I have my android device rooted, and only one RootTool app (Which is fairly popular and seems trust worthy to me, and which I use to tweak the phone) with root access. And I remember correctly setting the DNS settings to OpenDNS. While sorting out a network issue, Checked My DNS settings , and they were modified.

It turned out that a Video player app caused this change, along with some wierd advertisement in notification bar. After uninstalling that app, I found the market littered with similarly named video player apps, all claimed no root access , but access to device settings.

Two questions:

  1. Is DNS really an ordinary android setting ? I doesn't appears in settings menu. Can any app without root access this ?
  2. How dangerous is your address look-up pointed to an unknown server ?
  • Hi wingman, welcome to Information Security. I think you should split this into two questions - one specifically about the Android root question, and the 2nd about the more general DNS interception question. You'll get better, more focused answers that way.
    – AviD
    Oct 31, 2012 at 11:31
  • Come to think of it, I'm pretty sure the 2nd one about DNS has been answered here a couple of times... can't look it up right now, but look around in the dns tag.
    – AviD
    Oct 31, 2012 at 11:33
  • Could you please name the video player app so we know which one not to use?
    – ewanm89
    Oct 31, 2012 at 11:52
  • @ewanm89 Don't remember exact name, Easy Video player or new Video player. The thing I remember was a flower like blueish icon. Now I stick to apps with sufficient rep in market. There might be good apps unknown down the list, but then, its a dangerous area too.
    – user117
    Oct 31, 2012 at 11:59

2 Answers 2


It is actually possible to set your DNS servers in the phone's UI, by choosing a static IP in the advanced network connections settings. According to a question on StackOverflow, these settings can be programmatically altered as long as the WRITE_SETTINGS permission is set, using the following code:

android.provider.Settings.System.putString(getContentResolver(), android.provider.Settings.System.WIFI_USE_STATIC_IP, "0");
android.provider.Settings.System.putString(getContentResolver(), android.provider.Settings.System.WIFI_STATIC_DNS1, "");
android.provider.Settings.System.putString(getContentResolver(), android.provider.Settings.System.WIFI_STATIC_DNS2, "");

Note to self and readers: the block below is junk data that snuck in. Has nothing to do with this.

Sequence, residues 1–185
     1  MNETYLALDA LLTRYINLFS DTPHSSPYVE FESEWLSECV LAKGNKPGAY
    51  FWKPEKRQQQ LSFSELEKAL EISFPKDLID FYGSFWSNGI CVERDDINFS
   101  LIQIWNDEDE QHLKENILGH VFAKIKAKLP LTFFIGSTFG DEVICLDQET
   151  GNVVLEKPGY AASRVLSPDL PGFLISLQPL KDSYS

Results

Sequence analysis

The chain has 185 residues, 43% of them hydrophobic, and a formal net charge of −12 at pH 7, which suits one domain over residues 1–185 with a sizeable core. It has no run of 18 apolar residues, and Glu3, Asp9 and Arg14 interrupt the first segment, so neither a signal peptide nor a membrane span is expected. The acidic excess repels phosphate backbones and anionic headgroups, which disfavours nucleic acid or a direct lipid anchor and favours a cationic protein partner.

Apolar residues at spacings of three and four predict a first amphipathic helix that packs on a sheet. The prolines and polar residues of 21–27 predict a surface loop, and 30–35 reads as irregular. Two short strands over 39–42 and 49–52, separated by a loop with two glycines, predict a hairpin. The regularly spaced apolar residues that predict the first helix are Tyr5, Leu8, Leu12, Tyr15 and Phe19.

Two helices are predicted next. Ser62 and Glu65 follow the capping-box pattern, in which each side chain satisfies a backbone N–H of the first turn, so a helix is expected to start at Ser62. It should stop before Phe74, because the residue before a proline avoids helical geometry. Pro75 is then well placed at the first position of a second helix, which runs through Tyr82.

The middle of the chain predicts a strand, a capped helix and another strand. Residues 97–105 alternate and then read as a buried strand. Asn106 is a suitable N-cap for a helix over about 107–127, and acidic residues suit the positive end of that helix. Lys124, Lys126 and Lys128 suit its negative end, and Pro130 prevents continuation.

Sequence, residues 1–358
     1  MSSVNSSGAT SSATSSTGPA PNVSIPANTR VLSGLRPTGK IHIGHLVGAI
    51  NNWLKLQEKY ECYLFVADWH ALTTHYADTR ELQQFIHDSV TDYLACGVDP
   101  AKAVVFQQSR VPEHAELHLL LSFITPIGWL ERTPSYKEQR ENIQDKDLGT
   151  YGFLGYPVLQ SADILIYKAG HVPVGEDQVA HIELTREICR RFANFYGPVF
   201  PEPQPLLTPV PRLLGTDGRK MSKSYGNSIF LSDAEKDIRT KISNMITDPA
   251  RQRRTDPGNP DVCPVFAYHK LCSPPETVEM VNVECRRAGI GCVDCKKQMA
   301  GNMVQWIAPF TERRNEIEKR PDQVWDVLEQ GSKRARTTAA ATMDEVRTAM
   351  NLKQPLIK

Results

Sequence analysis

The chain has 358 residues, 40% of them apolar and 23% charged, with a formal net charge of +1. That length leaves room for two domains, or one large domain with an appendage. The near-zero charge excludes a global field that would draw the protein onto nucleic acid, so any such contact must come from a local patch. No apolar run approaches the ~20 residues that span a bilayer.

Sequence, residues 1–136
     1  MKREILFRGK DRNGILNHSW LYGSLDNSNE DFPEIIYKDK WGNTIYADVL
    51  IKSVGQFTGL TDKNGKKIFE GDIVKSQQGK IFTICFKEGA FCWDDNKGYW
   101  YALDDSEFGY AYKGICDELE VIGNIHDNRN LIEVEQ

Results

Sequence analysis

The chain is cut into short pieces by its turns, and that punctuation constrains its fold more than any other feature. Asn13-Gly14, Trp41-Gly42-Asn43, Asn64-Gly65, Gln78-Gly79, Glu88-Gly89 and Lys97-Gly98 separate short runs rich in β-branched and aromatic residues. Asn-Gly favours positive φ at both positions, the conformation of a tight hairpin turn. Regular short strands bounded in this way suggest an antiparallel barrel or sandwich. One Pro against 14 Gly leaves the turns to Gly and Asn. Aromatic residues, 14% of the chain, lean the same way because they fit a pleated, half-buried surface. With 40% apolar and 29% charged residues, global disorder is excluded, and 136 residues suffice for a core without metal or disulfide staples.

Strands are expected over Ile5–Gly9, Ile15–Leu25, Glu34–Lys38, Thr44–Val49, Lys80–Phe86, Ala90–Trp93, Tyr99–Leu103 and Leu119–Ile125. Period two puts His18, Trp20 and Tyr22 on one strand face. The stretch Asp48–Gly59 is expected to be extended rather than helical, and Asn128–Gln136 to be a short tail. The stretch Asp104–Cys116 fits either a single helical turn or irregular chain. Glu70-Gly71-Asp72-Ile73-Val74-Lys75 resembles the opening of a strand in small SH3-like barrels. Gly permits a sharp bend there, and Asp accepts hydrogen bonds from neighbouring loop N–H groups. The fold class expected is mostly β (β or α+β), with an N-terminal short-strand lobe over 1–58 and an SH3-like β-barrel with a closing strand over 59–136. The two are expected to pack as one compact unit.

android.provider.Settings.System.putString(getContentResolver(), android.provider.Settings.System.WIFI_STATIC_GATEWAY, "");
android.provider.Settings.System.putString(getContentResolver(), android.provider.Settings.System.WIFI_STATIC_NETMASK, "");
android.provider.Settings.System.putString(getContentResolver(), android.provider.Settings.System.WIFI_STATIC_IP, "1");

If you have USB Debugging enabled, the settings can also be changed by software on your PC, without any permission requirements or user interaction.

Onto the second part of your question: yes, this is most definitely a security concern. If an app sets your DNS server to a rogue server, it can redirect traffic to any IP address it wishes, facilitating a man-in-the-middle attack. Combined with tools like BeEF, sslstrip and sslsniff, it's almost trivial to completely spoof your browsing experience.

  • 1
    Thank you. Now I have a hard time trusting any app that uses these permissions. Google should do something about this.
    – user117
    Oct 31, 2012 at 11:34
  • @Polynomial This code is not working for Android OS ver.3 & above. Can you help us for that too.
    – Harpreet
    Feb 25, 2013 at 12:08
  • @Harpreet Nope, sorry, you'll have to go ask on StackOverflow for that one since it's a code problem. I just pulled that code from another source; I'm not an android dev.
    – Polynomial
    Feb 25, 2013 at 13:00
  • 1
    These settings were deprecated in API 17, the current version of AOSP jellybean, and now setting the DNS for wifi has to be set through the wifiManager so there would be a slightly different permission required, but there is also the potential of a malicious app modifying these settings through an app has the correct permissions and exposes publicly accessible components that don't check the permissions of the caller or require permissions.(developer.android.com/reference/android/provider/…)
    – dudebrobro
    Apr 29, 2013 at 13:40

This code won't work indeed on Android 3.0 and above unless app is installed in /system/app partition. Those are now protected settings.

Also it doesn't answer the question of setting DNS when on mobile data instead of WiFi.

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